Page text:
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Child-Care Issue Frames Welfare Reform Debate

Congress: Driving the conflict are waiting lists for subsidies, differing views on reducing them. New work rules likely would increase demand.


CHAPEL HILL, N.C. — Like other parents throughout the United States, Sonya Brown scrambles every day to meet commitments for work and the care of her young child.

For Brown, 25, who juggles her $6.15-an-hour job with college courses, a government benefit pays for her 3-year-old son's day care. Without it, she says, "I would be in big trouble."

Rashida Walker, 32, is already struggling. "I wanted to keep my son in day care, but I couldn't afford it," said Walker, who was laid off in January from her job on a computer help desk. Since then she has been unemployed, and her 16-month-old remains on the waiting list for a child-care subsidy.

As Congress attempts to launch the next phase of welfare reform, the cost of child care has emerged as one of the biggest obstacles to moving ahead. Legislators remain billions of dollars apart, and the rift is complicating efforts to extend the nation's welfare programs, which had been authorized only through last Monday until Congress passed an emergency three-month extension.

Fueling the conflict are waiting lists for child-care subsidies that have emerged in 21 states, and sharply divergent views about how to reduce them. Moreover, tougher work rules proposed for welfare recipients are expected to push up demand for child care even further, as mothers spend more time away from home as a condition of government aid.

North Carolina knows well the difficult choices faced by parents and government officials in a world where the clamor for subsidized child care exceeds the availability. As in most places, North Carolina officials give priority to families on welfare or seeking to move off the dole--meaning that other low-income households may be less fortunate. Almost 20,000 children are waiting for the benefit in North Carolina, compared with the nearly 100,000 who already get it.

"The goal is to get that [welfare] client to work," explained Peggy Ball, director of the North Carolina Division of Child Development in Raleigh. "And they can't work without child care."

With little fanfare, demand for child-care aid has skyrocketed, and child care now costs taxpayers more than $10 billion a year. A growing number of states spend more on child care than on welfare, a remarkable shift in just the last five years.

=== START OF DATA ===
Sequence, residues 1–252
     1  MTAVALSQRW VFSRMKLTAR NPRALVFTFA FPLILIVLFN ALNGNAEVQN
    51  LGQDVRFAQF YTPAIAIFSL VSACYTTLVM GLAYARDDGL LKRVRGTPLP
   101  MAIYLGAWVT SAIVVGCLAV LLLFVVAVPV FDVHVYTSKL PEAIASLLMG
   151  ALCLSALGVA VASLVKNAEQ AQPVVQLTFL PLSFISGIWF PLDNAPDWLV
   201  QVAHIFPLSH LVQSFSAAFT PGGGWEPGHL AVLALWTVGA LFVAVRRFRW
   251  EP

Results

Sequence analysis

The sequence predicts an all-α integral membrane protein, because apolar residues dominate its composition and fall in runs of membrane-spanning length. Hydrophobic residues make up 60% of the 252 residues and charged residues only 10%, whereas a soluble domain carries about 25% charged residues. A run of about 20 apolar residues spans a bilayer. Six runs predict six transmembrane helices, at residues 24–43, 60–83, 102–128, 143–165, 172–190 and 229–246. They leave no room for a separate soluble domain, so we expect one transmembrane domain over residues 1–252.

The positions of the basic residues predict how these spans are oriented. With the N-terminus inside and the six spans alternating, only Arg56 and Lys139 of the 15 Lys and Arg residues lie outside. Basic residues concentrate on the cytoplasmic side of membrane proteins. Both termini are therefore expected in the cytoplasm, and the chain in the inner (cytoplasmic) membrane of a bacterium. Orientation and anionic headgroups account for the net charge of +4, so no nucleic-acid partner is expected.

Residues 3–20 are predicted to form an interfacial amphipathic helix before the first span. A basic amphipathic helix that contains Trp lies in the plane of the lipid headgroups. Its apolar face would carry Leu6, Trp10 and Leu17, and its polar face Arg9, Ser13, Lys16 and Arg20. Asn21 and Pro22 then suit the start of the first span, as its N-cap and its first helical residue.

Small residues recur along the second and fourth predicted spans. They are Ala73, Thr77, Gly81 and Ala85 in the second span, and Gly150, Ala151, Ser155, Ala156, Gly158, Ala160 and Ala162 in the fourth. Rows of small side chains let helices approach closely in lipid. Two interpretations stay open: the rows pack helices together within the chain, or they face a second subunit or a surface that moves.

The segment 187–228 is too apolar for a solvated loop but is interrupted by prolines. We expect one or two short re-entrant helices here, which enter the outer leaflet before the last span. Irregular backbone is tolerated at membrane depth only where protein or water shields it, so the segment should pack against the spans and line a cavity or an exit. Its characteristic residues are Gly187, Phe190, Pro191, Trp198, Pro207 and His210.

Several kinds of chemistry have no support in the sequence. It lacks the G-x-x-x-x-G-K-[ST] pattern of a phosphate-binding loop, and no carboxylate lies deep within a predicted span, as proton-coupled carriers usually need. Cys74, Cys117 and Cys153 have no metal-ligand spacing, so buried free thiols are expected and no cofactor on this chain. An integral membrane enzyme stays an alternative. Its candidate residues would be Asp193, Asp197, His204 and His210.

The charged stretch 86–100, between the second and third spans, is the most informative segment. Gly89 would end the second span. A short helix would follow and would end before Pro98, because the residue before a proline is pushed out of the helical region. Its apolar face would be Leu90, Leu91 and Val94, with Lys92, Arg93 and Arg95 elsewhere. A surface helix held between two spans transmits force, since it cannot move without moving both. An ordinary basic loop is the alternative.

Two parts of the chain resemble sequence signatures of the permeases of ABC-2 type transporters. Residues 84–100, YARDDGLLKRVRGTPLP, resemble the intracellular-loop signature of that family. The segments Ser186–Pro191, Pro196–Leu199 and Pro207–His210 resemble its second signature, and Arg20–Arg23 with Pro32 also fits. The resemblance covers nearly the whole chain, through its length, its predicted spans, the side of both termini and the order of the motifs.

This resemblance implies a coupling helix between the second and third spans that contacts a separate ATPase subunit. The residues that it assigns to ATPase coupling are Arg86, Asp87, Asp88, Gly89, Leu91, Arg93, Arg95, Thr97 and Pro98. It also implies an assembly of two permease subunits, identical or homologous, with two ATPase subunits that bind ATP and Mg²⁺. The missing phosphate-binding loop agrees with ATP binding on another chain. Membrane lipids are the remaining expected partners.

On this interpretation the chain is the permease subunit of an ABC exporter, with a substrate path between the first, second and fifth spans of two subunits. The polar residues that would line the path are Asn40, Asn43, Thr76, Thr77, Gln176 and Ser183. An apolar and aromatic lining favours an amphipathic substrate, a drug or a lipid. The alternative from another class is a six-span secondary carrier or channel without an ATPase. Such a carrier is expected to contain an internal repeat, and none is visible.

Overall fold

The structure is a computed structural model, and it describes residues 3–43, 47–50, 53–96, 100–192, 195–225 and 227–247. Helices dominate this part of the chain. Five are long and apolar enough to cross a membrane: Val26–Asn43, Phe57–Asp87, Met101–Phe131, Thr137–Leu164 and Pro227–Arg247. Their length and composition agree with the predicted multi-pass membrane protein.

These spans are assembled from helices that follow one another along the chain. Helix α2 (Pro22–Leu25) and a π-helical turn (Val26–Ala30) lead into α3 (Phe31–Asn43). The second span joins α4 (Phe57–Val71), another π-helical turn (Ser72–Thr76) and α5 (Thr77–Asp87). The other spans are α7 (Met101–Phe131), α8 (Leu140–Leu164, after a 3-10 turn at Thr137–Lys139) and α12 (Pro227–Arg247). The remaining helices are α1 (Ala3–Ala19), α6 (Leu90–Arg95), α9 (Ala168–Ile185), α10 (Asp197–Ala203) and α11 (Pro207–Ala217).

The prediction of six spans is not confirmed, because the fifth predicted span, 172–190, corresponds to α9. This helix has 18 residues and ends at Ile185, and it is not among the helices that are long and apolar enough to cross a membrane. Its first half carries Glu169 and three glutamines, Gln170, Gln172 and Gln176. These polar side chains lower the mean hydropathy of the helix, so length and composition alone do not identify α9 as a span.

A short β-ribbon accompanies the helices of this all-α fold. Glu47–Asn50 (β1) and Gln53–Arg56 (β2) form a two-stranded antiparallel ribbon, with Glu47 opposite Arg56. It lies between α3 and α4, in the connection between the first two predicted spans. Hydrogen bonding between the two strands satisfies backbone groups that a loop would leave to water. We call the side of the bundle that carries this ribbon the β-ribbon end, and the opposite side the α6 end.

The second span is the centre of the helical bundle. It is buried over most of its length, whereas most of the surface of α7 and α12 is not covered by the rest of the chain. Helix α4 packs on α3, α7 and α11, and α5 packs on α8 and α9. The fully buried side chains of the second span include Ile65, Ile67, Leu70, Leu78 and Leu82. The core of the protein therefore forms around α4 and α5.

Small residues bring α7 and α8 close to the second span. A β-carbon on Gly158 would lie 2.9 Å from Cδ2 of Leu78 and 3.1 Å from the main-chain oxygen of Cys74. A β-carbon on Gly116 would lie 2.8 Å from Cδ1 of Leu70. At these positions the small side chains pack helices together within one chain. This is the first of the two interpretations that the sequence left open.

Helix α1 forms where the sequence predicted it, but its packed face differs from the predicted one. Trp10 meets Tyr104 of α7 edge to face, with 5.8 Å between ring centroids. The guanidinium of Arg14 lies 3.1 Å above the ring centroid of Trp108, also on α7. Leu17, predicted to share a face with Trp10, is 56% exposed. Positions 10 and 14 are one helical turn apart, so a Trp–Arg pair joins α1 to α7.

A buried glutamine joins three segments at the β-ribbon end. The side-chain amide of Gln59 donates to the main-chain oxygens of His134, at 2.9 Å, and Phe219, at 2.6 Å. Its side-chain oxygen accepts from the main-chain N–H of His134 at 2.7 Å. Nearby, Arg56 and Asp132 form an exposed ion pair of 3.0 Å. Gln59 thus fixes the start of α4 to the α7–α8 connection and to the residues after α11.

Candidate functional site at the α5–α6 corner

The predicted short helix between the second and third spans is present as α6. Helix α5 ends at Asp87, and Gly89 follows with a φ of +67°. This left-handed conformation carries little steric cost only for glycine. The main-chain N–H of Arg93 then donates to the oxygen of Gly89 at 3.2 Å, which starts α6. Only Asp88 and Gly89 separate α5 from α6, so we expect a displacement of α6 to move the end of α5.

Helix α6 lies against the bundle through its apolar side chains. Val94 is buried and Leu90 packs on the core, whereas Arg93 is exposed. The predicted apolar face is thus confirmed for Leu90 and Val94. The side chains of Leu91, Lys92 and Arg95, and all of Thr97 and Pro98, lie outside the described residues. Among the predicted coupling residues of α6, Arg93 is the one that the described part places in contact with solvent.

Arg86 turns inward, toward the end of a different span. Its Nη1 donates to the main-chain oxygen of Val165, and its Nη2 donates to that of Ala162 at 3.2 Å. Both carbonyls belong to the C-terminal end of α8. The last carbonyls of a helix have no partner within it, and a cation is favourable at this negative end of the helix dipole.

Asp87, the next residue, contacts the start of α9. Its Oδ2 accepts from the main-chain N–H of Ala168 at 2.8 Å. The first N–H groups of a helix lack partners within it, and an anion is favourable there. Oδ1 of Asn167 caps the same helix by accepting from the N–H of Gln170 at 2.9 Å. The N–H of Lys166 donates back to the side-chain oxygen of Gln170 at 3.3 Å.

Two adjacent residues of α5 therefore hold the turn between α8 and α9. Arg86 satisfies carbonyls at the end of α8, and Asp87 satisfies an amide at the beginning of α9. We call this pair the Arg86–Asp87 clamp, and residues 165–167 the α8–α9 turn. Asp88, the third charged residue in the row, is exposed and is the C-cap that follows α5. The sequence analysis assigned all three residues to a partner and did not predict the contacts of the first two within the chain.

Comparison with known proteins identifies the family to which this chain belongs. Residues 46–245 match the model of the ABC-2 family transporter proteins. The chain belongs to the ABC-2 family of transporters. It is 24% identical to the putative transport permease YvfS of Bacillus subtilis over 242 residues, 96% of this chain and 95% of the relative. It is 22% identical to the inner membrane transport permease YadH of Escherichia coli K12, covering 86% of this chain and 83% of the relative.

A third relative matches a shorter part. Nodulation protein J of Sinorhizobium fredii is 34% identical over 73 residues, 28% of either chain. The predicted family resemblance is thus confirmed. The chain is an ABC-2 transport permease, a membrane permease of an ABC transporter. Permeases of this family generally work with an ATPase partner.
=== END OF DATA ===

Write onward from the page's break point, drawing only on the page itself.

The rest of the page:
"It's been a huge change, and it's been virtually beneath the surface," said Mark H. Greenberg, director of policy at the Center for Law and Social Policy in Washington.

Child-care subsidies involve not only welfare recipients, but also the working poor and even families closer to middle-class income levels. Households far above the poverty line may qualify for subsidies, with an estimated 15 million children technically eligible, according to the Center for Law and Social Policy. Of these, just 2.2 million are getting the aid.

California's waiting list for subsidized care has reached 280,000 children. In Florida, 40,000 are waiting.

Without subsidies, which typically vary according to household income, parents may pay child-care centers $4,000 to $10,000 a year. The financial burden pushes many to seek cheaper alternatives with relatives, neighbors or other in-home providers.

Current federal funding contains "plenty of money" for welfare families and the working poor, said Wade F. Horn, assistant secretary for children and families in the U.S. Department of Health and Human Services.

"If the taxpayers' pockets were bottomless, we'd give everybody a subsidy," Horn said in an interview. "But that's not the way the real world works."

In the real world of North Carolina, people closely tied to the issue insist that a large number of low-income families are not getting the child care they need.

Of the 95,562 children getting subsidized care in North Carolina, more than 8 in 10 come from families earning less than $25,000 a year.

Officials believe that the waiting list, which recently numbered 19,930, mirrors that same modest level of income. But they say the waiting list reflects only a fragment of the overall demand. People often quit waiting out of frustration, perhaps also giving up the search for work, and some never bother to put their children's names on it in the first place.

"The waiting list is the part of the iceberg that you see above the water," said Ball, the state's top child-care official.

Walker would be the first to agree. She and her son live in a trailer with her 91-year-old grandmother. She has survived on unemployment insurance since getting laid off, but no longer can afford the $105 a week she used to pay her son's day-care provider.

Walker symbolizes a rarely discussed aspect of welfare reform: Households that have avoided welfare are typically given lower priority for child care.

"There are people out there that don't want to work, and they're just getting help left and right," Walker said.

"When it comes to someone who's been working and paying taxes, there's no help for them. It is very unfair."

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